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Inhaltsverzeichnis
Lernbereich Lektürehilfen
Übersicht
Brave New World
Introduction
Summaries
Chapter 1
Chapter 2
Chapter 3
Chapter 4-6
Chapter 7-8
Chapter 9-10
Chapter 11-12
Chapter 13-15
Chapter 16
Chapter 17-18
Characters
Interpretation
Themes
Motifs
Symbols
Style
Setting
Context
Crooked Letter, Crook...
Summaries
Chapter 1 - 2
Chapter 3 - 4
Chapter 5
Chapter 6
Chapter 7
Chapter 8
Chapter 9
Chapter 10 - 11
Chapter 12 - 13
Chapter 14 - 16
Chapter 17 - 19
Characters
Symbols and Symbolism
Themes and Motifs
Gran Torino
Introduction
Key Scenes
Characters
Storytelling
Setting
Themes and Motifs
Half Broke Horses
Summaries
Chapter I: Salt Draw
Chapter II: The Mirac...
Chapter III: Promises
Chapter IV: The Red S...
Chapter V: Lambs
Chapter VI: Teacher L...
Chapter VII: The Gard...
Chapter VIII: Gumshoe...
Chapter IX: The Flybo...
Epilogue: The Little ...
Family Structures
Main Characters
Lily Casey Smith
Adam Casey
Daisy Mae Casey
Helen Casey
Jim Smith
Rosemary Smith
Rex Walls
Secondary Characters
Buster Casey
Dorothy Casey
Mother Albertina
Ted Conover
Orville Stubbs
Jim Smith junior
Other Characters
Structure of the Nove...
Setting
Prüfungsaufgaben zur ...
L.A. Crash
Einleitung
Schlüsselszenen
Narrative Filmstruktu...
Setting
Fakten
Bevölkerungsstruktur
Kriminalität
Personen im Film
Hauptcharaktere
Officer John Ryan
Officer Tom Hansen
Cameron und Christine...
Rick und Jean Cabot
Anthony
Peter Waters
Graham Waters
Daniel Ruiz
Farhad
Nebencharaktere
Verflechtung der Haup...
Verflechtung der Haup...
Bedeutung des Titels
Themen und Motive
Rassismus
Vorurteile
Kriminalität
Isolation und Ausgren...
Dominanz
Religion
Einwanderung
Besiedelung des Weste...
9/11
Waffenrecht in den US...
Filmanalyse
Kameraführung
Licht
Musik
Prüfungsaufgaben zur ...
Macbeth
Introduction
Summaries
Act I
Act II
Act III
Act IV
Act V
Characters
Interpretation
Themes
Motifs
Symbols
Style
Context
Good To Know
Othello
Introduction
Summaries
Act I
Act II
Act III
Act IV
Act V
Characters
Interpretation
Themes
Motifs
Symbols
Style
Context
Romeo and Juliet
Introduction
Summaries
Act I
Act II
Act III
Act IV
Act V
Characters
Themes and Motifs
Setting
The Great Gatsby
Introduction
Summaries
Chapter 1
Chapter 2
Chapter 3
Chapter 4
Chapter 5
Chapter 6
Chapter 7
Chapter 8
Chapter 9
Characters
Interpretation
Themes
Motifs
Symbols
Style
Context
Good To Know
To Kill a Mockingbird
Introduction
Summaries
Chapter 1
Chapters 2 - 3
Chapters 4 - 6
Chapters 7 - 8
Chapters 9 - 11
Chapters 12 - 13
Chapters 14 - 15
Chapters 16 - 17
Chapters 18 - 19
Chapters 20 - 22
Chapters 23 - 25
Chapters 26 - 27
Chapters 28 - 31
Characters
Interpretation
Themes
Motifs
Symbols
Style
Context

Chapter 2

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Download als Dokument:PDF

Summary

  • in the Nurseries, the students observe some 8-month-old Delta babies
  • the babies are presented with books and flowers, but when they joyfully advance those items, alarms ring and the babies are given an electroshock
  • when the nurses present the babies with flowers and books again, they start crying and wincing
  • this process is repeated over 200 times and afterwards, the children will have developed a hatred towards books and flowers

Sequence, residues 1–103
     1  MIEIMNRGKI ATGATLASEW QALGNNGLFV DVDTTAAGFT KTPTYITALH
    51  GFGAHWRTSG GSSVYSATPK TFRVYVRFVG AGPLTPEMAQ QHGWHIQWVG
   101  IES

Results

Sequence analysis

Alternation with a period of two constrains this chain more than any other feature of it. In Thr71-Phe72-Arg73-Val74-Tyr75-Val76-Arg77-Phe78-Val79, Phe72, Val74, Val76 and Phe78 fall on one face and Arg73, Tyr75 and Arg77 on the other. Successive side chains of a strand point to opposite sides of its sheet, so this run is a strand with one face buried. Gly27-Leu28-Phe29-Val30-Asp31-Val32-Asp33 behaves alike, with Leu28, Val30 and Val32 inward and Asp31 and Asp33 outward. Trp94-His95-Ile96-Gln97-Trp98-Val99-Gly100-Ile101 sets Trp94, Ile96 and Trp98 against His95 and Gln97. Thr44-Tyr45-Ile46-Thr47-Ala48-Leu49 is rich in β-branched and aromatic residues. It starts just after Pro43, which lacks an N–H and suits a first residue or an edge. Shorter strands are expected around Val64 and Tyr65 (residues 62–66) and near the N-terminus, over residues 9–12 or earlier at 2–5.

• books are somewhat forbidden for lower castes as the government believes that reading books will decondition Gammas, Deltas and Epsilons
  • it is different with the flowers though: the lower castes used to be conditioned to like flowers and nature in general as the government wanted them to use transportation often to get to the countryside
  • however, the government meant to increase the consumption of goods which is why the World State abolished the love for nature while at the same time, they maintained the wish to use transportation since the lower castes hate the country but they love country sports
  • the Director tells a story about the child Reuben
    • his parents spoke Polish, the students are ashamed by the word "parents" as references to sexual reproduction are regarded as pornographic
    • one night, the parents left the radio on in Reuben's room, and the next day, Reuben was able to repeat everything that was said in a radioshow
    • the fact that Reuben was able to learn something overnight led to the discovery of sleep teaching (also known as hypnopaedia)
    • hypnopaedia was discovered 23 years after the first Ford Model T was sold and the Director draws a T on his stomach (just as Catholics draw a cross on their chest), alls the students imitate him
    • hypnopaedia could not be used for intellectual training because Reuben did not understand the radioshow although he could repeat it; instead, moral training can be instilled into human beings via hypnopaedia
  • when the Director leads the group to a dormitory, the students learn that hypnopaedia is applied to Betas in order to teach them pride and happiness but also to raise the mindset that Alphas have to work too hard in the Beta children
  • this lesson (called Elementary Class Consciousness) is repeated 120 times, 3 times a week for 30 months
  • the Director states that hypnopaedia is “the greatest moralizing and socializing force of all time.” (p. 23)

Function

  • the pillars of the World State are further established
    • conditioning embryos as well as babies ensures social stability and economic productivity
    • those humans develop into unthinking individuals, without being individual since they behave exactly alike
    • the population supports the capitalist economic system by consuming transportation or exercising expensive sports
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